11/02/2016 4:46PM

Alan Sherman has been California Chrome's constant companion

Barbara D. Livingston
Alan Sherman, with California Chrome, plans on training a string at Keeneland next spring.

ARCADIA, Calif. – When California Chrome was sent by van from his home at Los Alamitos to Santa Anita last Sunday in advance of Saturday’s Breeders’ Cup Classic, it was Alan Sherman who rode with him and got him settled into his temporary quarters. When California Chrome spent two months in Dubai earlier this year, it was Alan Sherman who was there the entire time, overseeing the day-to-day care.

Alan Sherman’s father, Art, is the trainer of California Chrome, but what’s printed on the program is not exactly how it plays out behind the scenes, for Alan has spent more time in the trenches with California Chrome than anyone save his groom, Raul Rodriguez. The skill Alan has demonstrated with California Chrome, and the connections he has made through the horse, have put him on the launching pad to take his career to the next level.

“He’s been the main person with Chrome. He’s gone all over,” Art said of Alan. “He knows him. And he’s been unbelievable around the partners.”

Alan Sherman has forged a budding, fruitful relationship with Taylor Made Farm, which came into the California Chrome fold last year and helped nurse the horse back to health in addition to helping restore calm to an owners’ partnership that had frayed. In September, Alan Sherman bought several yearlings at Keeneland in concert with Taylor Made, and he said he plans on training a string at Keeneland next spring.

“We haven’t decided if they’ll be in dad’s name or mine,” Alan said.

Clearly, though, the baton is being passed. Art, 79, is stepping back a bit. Alan, 47, and his older brother, Steve, 53, who trains his own string in Northern California, are coming to the fore.

“He’s never going to retire. He’ll always have his hand in it,” Alan said. “He’s a pretty dynamic 79. It keeps him young.”

Like his father, Alan Sherman started in the sport as a jockey and rode early in his career for the likes of Charlie Whittingham, but he quickly grew too big and turned to training.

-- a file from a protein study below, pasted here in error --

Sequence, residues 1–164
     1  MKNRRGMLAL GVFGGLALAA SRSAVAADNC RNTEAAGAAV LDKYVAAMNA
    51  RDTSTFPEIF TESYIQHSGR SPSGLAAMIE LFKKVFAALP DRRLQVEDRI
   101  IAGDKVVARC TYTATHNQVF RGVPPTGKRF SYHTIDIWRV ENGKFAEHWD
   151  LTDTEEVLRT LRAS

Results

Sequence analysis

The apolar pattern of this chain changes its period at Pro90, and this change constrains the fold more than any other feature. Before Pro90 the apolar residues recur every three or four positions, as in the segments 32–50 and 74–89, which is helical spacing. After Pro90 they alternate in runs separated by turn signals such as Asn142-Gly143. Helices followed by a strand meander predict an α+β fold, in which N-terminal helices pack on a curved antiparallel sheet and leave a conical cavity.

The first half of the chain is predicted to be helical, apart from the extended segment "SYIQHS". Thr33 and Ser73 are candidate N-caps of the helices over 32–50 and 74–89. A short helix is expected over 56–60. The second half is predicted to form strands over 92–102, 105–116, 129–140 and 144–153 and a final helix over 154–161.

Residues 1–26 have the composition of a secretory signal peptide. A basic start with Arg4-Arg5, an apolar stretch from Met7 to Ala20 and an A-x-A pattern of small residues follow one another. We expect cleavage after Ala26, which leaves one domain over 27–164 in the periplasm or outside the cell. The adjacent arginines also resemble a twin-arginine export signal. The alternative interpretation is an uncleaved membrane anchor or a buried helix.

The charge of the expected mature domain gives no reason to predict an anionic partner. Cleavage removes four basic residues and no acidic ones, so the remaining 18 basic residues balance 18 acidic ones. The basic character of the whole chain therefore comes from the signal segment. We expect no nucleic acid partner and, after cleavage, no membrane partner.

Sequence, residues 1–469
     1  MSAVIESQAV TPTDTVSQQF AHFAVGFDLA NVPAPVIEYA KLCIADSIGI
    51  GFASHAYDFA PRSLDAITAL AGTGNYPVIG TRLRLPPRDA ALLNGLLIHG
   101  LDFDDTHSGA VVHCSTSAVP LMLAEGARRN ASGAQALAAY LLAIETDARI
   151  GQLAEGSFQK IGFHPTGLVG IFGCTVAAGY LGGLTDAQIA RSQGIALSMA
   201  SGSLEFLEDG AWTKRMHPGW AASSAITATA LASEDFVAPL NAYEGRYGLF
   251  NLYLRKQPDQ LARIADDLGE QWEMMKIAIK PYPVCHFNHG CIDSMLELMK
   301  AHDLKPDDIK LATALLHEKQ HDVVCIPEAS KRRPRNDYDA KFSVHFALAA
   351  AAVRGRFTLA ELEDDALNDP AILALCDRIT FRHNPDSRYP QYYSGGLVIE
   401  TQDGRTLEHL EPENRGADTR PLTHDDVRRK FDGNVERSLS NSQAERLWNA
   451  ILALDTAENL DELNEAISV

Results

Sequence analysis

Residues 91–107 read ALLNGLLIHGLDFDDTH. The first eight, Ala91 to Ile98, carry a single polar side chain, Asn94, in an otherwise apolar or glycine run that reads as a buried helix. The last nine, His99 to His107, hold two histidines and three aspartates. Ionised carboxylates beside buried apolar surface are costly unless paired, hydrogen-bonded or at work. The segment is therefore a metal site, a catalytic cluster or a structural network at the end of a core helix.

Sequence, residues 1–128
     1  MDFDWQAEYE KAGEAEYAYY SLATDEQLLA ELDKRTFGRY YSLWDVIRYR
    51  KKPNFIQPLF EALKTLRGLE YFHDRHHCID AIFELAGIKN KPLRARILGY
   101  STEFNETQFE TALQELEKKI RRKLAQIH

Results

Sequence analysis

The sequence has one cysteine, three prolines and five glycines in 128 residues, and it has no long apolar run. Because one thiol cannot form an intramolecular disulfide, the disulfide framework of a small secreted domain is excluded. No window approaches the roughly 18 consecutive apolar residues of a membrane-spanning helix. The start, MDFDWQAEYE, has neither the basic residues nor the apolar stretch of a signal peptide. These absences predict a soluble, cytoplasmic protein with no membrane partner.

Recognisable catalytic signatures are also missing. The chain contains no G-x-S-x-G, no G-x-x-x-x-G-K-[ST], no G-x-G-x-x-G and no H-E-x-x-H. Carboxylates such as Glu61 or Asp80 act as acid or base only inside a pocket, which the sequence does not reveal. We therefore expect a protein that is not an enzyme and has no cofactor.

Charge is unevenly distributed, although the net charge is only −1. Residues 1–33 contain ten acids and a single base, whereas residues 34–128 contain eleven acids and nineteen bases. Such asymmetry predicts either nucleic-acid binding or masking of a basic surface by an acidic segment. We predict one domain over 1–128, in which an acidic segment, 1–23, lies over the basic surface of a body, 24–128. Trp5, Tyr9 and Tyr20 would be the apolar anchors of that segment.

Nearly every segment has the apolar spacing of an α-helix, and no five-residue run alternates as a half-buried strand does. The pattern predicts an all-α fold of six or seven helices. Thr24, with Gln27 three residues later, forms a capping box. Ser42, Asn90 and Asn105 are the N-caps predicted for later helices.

“Charlie liked him a lot,” Art said. “The background is there.”

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Alan’s horsemanship was instrumental two years ago, when California Chrome won the Kentucky Derby and Preakness, as well as earlier this year, when he decamped to Dubai.

“It’s just been an amazing run,” Alan said this week at Santa Anita. “Growing up, you dream about a horse like this.

“As a kid, I figured I’d win the Kentucky Derby four or five times as a jockey,” he said, laughing at the naivete. “When we won the Derby, it happened so fast, everything went by so fast, that it took a while to sink in. I woke the next day, and it hit me – we won the Derby.”

California Chrome had gone to Dubai last year and finished second in the World Cup. This year, he went over for a prep before the World Cup and won both.

“I just think that’s the best way to go for that race, like Curlin did,” Alan said, referring to Curlin’s victories in 2008. “Last year, he wasn’t the same horse as this year. He was tired. He needed to be turned out. I wasn’t happy when he went to England. When he was turned out at Taylor Made, he got over his bone bruising.”

California Chrome’s time in Dubai this year best exemplified the trust Art has in Alan. Art flew in for the two races, but Alan was there throughout.

“He never tries to overrule me,” Alan said. “We may have different ideas, but we’ll discuss them. It’s not me working for him as much as it’s a partnership.”

The payoff came on March 26, when California Chrome won a $6 million first prize. The reward, though, was more than financial.

“I was very proud when he won the Dubai World Cup this year,” Alan said. “It’s very emotional when you win a race in another country and they play your national anthem.

“He’s brought me places I never thought I’d go, and I may never go again.”

Alan Sherman has a grown daughter, Brianne, and a 2-year-old grandson, Logan. Along with his father and mother, Faye, they’ll all be in the house on Saturday when California Chrome runs in the Breeders’ Cup Classic.

“It’s a lot of fun having the whole family involved,” he said. “My daughter enjoys it. My mom enjoys it. And to share this with my dad at this stage of his career, it’s been amazing.”